Animal biotechnology encompasses a broad range of techniques for the genetic improvement of domesticated animal species, although the term is increasingly associated with the more controversial technologies of cloning and genetic engineering. Despite the many potential applications of these two biotechnologies, no public or private entity has yet delivered a genetically engineered food-animal product to the global market, and the sale of milk or meat from cloned animals and their offspring is currently subject to a voluntary moratorium in the United States. The animal biotechnology industry faces a variety of scientific, regulatory, ethical and public acceptance issues. Effective and responsible communication among scientific, community, industry and government stakeholders will be required to reach a societal consensus on the acceptable uses of animal cloning and genetic engineering.
Conservation tillage production systems compared in San Joaquin Valley cotton
by Jeffrey P. Mitchell, Daniel S. Munk, Bob Prys, Karen K. Klonsky, Jon F. Wroble, Richard L. De Moura
| Full text HTML  | PDF  
Alternative tillage systems significantly reduced cotton tractor passes, fuel use and production costs.
Tillage operations, including preplant soil preparation, in-season weed control and postharvest stalk management, can account for 25% or more of overall cotton production costs. These operations reduce soil organic matter and contribute to air pollution. Conservation tillage practices similar to those used successfully elsewhere in the Cotton Belt may be a viable means for increasing profitability and improving soil in San Joaquin Valley cotton fields. In a comparison of reduced-tillage production methods, conservation tillage planting and stalk-management systems had yields comparable to those of standard tillage practices in two back-to-back cotton crops in Riverdale, Calif. These reduced-till systems decreased the number of tractor operations by 41% to 53%, fuel use by 48% to 62%, and overall production costs by 14% to 18%.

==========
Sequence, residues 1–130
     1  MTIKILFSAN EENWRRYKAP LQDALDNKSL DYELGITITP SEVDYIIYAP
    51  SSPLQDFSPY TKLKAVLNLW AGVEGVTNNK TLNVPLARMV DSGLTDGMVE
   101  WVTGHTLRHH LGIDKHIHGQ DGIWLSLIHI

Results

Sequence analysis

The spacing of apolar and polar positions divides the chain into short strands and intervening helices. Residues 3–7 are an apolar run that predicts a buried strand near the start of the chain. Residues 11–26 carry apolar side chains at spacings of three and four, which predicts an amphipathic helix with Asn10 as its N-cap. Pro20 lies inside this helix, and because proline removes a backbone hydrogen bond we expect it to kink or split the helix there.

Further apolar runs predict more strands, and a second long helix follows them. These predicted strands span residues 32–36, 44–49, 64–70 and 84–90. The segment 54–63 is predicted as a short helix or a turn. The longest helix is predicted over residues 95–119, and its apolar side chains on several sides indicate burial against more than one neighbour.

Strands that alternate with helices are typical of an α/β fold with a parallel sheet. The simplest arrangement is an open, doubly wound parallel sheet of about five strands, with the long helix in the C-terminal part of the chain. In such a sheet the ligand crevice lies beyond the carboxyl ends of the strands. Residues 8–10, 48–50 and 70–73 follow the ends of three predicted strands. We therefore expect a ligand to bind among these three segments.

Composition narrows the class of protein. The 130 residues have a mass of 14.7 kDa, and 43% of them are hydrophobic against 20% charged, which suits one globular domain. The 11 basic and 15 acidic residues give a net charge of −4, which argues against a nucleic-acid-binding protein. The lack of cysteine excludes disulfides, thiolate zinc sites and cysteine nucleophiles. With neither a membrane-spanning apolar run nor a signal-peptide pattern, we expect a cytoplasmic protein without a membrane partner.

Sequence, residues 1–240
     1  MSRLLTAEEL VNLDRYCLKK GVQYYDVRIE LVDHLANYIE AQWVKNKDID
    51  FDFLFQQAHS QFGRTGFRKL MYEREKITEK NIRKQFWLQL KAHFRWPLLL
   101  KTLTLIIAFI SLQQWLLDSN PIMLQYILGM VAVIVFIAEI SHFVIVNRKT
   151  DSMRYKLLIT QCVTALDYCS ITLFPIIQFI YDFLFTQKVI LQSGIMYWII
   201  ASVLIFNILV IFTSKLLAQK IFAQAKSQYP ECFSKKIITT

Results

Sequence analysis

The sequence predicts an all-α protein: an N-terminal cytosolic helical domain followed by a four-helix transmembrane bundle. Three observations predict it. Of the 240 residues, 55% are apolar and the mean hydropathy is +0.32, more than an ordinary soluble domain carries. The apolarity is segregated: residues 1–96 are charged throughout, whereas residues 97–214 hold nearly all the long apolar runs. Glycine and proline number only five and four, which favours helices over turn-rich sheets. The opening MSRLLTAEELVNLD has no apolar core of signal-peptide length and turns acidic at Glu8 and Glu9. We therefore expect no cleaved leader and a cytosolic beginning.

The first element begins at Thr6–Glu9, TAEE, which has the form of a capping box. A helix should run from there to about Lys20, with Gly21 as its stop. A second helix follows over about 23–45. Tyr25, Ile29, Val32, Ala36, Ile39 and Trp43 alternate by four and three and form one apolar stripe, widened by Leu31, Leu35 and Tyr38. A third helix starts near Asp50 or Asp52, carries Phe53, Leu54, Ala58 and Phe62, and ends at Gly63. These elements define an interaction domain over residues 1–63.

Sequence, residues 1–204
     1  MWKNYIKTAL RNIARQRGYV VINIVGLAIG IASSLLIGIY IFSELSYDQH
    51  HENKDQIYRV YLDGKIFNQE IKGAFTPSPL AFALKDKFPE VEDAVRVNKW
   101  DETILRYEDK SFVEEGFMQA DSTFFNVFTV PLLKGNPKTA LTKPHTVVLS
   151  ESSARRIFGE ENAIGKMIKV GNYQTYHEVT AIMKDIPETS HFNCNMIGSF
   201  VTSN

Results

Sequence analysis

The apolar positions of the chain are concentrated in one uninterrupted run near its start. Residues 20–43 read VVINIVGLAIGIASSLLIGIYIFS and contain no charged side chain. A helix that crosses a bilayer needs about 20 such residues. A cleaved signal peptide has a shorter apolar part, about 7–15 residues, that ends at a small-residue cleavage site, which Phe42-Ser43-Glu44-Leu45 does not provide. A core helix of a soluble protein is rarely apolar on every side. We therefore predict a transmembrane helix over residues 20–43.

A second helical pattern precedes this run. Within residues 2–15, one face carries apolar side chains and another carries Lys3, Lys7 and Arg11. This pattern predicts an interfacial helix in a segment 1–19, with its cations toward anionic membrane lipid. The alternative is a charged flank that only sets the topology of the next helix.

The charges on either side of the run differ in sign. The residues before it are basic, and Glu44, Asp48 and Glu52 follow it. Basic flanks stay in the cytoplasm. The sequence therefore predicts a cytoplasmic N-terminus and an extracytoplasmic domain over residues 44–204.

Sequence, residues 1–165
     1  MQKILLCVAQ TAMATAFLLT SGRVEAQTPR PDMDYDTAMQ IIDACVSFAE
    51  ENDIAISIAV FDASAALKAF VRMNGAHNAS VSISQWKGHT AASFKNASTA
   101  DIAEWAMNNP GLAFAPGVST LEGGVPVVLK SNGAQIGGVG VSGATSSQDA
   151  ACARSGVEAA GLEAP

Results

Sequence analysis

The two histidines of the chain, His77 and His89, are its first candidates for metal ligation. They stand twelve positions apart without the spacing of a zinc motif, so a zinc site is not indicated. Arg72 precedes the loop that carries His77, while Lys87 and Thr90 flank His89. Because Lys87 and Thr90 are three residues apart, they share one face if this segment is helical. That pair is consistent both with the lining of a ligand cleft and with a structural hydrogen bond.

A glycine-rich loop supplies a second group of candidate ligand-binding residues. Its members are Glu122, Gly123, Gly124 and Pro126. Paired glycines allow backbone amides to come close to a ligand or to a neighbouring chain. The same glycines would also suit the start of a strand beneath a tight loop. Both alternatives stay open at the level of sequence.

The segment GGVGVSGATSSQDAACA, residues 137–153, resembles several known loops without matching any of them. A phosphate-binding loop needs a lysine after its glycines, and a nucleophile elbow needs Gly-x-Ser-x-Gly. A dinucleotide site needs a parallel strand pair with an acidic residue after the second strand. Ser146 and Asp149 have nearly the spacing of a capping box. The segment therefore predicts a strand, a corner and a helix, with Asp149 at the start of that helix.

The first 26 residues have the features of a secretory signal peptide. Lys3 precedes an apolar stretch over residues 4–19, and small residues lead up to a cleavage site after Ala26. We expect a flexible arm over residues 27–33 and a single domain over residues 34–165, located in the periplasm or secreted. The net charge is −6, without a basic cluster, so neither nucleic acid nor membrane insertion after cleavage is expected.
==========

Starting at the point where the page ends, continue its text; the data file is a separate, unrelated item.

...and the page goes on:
Conservation tillage and cover cropping influence soil properties in San Joaquin Valley cotton-tomato crop
by Jessica J. Veenstra, William R. Horwath, Jeffrey P. Mitchell, Daniel S. Munk
| Full text HTML  | PDF  
After 4 years, conservation tillage treatments improved physical properties of soil, but alone it negatively affected some fertility measures.
Following 4 years of a cotton-tomato rotation on the west side of the San Joaquin Valley, conservation tillage and cover crops altered physical and chemical properties of soil. In conservation tillage systems, bulk density decreased and available concentrations of nitrate and phosphorus increased. In contrast, the conservation tillage system redistributed potassium to the surface of the soil, lost organic matter and increased salt concentrations, all potentially detrimental to plant growth. Cover cropping, on the other hand, increased soil organic matter regardless of the tillage treatment, and increased potassium concentrations. By cover cropping, farmers in this region may improve their soil quality; however, the benefits of conservation tillage to soil quality are fewer and will require more research to determine long-term effects.
Dietary quality is not linked across three generations of black women
by Joanne P. Ikeda, Constance L. Lexion, Barbara J. Turner, Margaret C. Johns, Yvonne Nicholson, Mary L. Blackburn, Rita A. Mitchell
| Full text HTML  | PDF  
Contrary to the conventional wisdom, better-nourished grandmothers and mothers did not have better-nourished daughters.